CRA accepts but restricts Mullings
The ability of the taxpayer in Mullings to claim the disability tax credit for her young child, who suffered from an inability to digest a common amino acid (“Phe”), turned on whether she was spending at least 14 hours per week on therapy, which was defined in s. 118.3(1.1)(d) to exclude “time spent on dietary…restrictions or regimes.”
Jorré J found that controlling the child’s Phe levels (so as to prevent severe brain damage) required that medical formula food be given in precise and timed doses, which was “no different from administering any other prescription medication,” and that “measuring and controlling Phe intake is properly characterized as administration of the therapy and not as control of X’s diet” – so that the time so spent counted towards the 14 hours. This “measuring” included significant time devoted to obtaining blood level checks by labs. The taxpayer got the credit.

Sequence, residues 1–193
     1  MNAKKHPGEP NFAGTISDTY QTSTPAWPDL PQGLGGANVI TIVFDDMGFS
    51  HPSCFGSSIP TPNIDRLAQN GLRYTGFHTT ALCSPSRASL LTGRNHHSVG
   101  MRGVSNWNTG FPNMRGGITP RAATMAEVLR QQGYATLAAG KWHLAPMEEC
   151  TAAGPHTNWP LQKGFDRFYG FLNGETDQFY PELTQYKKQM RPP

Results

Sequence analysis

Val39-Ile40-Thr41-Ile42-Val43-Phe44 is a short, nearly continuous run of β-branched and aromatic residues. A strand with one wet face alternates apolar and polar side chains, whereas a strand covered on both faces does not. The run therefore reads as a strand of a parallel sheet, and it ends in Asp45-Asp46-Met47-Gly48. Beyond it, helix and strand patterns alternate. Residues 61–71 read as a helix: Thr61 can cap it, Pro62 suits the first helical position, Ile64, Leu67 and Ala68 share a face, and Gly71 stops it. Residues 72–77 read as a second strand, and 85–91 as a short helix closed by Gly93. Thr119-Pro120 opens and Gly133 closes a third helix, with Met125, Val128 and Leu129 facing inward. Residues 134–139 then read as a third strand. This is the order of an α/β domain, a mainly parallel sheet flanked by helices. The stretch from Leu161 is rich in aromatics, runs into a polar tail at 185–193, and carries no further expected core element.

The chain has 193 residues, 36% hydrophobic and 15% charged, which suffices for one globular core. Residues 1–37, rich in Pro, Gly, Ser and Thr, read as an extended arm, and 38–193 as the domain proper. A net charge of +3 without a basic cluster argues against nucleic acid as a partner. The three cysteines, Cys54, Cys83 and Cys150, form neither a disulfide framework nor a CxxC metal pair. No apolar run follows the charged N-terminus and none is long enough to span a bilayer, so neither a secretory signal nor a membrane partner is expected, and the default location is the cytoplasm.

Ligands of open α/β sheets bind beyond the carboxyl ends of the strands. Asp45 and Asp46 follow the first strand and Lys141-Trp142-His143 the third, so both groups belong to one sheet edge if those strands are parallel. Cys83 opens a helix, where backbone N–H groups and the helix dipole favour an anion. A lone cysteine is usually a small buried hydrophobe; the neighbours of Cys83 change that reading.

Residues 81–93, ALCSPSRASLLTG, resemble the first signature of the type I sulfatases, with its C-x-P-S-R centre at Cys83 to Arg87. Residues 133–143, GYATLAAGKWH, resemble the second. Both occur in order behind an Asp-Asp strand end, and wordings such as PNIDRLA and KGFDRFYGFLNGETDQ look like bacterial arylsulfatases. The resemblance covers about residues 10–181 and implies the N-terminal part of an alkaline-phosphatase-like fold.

CRA appears to have accepted the Mullings decision (Hughes is similar), but noted that it should not be inferred that the decision has established that time spent for lab tests should be included in the time spent administering therapy as described in s. 118.3(1)(d), as in other cases the lab testing might very well have less of a direct connection with dealing with the individual’s impairment.